Radiohead have never made much sense to me as a rock band. This may sound strange, given the decade and a half they’ve spent in that critically untouchable Bardo realm reserved for guitar-weilding titans, just above the orbit of the music industry. Their late-career records have been just as faithful barometers of the zeitgeist as their early ones (even challenging conventional modes of distribution and marketing with 2007’s In Rainbows), yet, the deeper singer Thom York probes themes of digitized alienation, dystopic globalism and cyborgian paranoia, the less relevant it feels for these ideas to be housed in the structure of a rock band, a medium that has historically represented strength, solidarity and optimism in spite of the stifling status quo. York’s solo debut, 2006’s The Eraser, finally felt like a proper articulation of his vision (and remains the project I return to far more often than any Radiohead record), doubling and tripling his vocals to create an echo chamber of human futility, couched in brittle electronic beats that seemed to encourage Logan’s Run escape as much as dancing.
York has performed solo/DJ sets over the years, but when he toured the material from The Eraser in 2009-2010, he, somewhat antithetically, enlisted the help of other warm-blooded humans. The band, Atoms for Peace, includes longtime Radiohead producer Nigel Godrich on guitars and keyboards, Beck drummer Joey Waronker, Brazilian percussionist Mauro Refosco and, almost comically, bassist Flea of the Red Hot Chili Peppers. The band gets billed as a supergroup but, despite years of speculation following their brief touring, no one could really guess what their first record as a band might sound like.
York has said that, with Amok, he essentially adapted electronic compositions for the band but wanted to make sure that you “weren’t quite sure where the human starts and the machine ends.” This tension laregly plays out in the drums, where a track like lead single “Default” relies on glitchy pops and stutters that might be purely synthesized or just a highly processed live kit. With “Ingenue,” a secondary clave rhythm simulates dripping water in an almost subliminal outskirt of the mix. It’s all mechanical enough though that you can never quite parse who’s controlling what, which might also be said of the guitar and synthesizer textures, gorgeous but utilitarian in their construction. York’s voice floats on top in his customary fashion, preferring the mournful falsetto over the nasel lament, and remaining largely unintelligible lyrically. The only other element that approaches this degree of recognition and prominence is Flea’s bass. When it appears (and just as many tracks opt instead for synthesized basslines), it’s a curiously human touch, the sound of fingers on strings conjuring an almost bucolic sense of nostalgia amid all those ones and zeros. “Before Your Eyes” is a lithe Afrobeat groove, mobilized in the way The Eraser felt forlorn. And Flea’s minimalist lines (which have felt so lazy and safe since the Chili Peppers’ departure from thrash-funk) are the glue that sticks “Stuck Together Pieces.”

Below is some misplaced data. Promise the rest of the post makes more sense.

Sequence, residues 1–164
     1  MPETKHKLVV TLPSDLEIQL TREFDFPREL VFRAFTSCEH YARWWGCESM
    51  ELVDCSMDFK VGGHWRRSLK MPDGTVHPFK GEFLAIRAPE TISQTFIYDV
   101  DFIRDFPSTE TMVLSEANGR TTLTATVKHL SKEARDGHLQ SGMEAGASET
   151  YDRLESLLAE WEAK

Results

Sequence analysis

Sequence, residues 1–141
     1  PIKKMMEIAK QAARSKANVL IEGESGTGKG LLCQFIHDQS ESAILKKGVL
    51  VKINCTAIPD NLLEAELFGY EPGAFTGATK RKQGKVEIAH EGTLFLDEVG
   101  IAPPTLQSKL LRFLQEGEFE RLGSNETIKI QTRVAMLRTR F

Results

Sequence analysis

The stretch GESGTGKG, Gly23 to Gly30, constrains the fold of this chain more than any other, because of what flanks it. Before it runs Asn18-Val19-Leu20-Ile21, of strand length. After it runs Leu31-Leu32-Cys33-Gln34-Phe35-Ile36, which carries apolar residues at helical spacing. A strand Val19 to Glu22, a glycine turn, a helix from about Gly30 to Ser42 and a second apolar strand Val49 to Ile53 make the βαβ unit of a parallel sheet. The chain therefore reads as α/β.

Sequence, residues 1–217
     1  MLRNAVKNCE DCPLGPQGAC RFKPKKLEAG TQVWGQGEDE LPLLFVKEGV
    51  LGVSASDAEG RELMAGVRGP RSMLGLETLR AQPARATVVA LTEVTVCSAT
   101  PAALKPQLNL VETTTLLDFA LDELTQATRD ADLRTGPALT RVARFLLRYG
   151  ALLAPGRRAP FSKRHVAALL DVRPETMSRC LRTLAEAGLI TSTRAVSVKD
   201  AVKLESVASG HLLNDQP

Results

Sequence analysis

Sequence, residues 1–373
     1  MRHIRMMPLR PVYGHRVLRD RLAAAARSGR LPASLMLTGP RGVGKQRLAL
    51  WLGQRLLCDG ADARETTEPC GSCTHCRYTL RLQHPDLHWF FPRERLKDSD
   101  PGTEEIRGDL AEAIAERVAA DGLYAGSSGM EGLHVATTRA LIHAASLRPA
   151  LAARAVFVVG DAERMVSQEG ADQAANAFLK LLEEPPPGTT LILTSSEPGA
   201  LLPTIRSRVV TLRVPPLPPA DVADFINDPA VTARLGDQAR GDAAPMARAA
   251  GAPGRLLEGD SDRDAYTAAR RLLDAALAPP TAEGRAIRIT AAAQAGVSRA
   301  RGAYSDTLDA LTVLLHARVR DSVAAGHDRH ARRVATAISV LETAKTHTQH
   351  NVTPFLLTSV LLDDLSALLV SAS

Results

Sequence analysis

If Radiohead doesn’t make sense as a rock band, Atoms for Peace make even less sense. And that’s partly why Amok feels so exciting. York has long been the prophet singing into the surveillance camera, attempting to thaw a few hearts through the closed-circuit network. Atoms for Peace feels like the signal feeding back on itself, creating a momentary diversion for everyone else plugged into the system.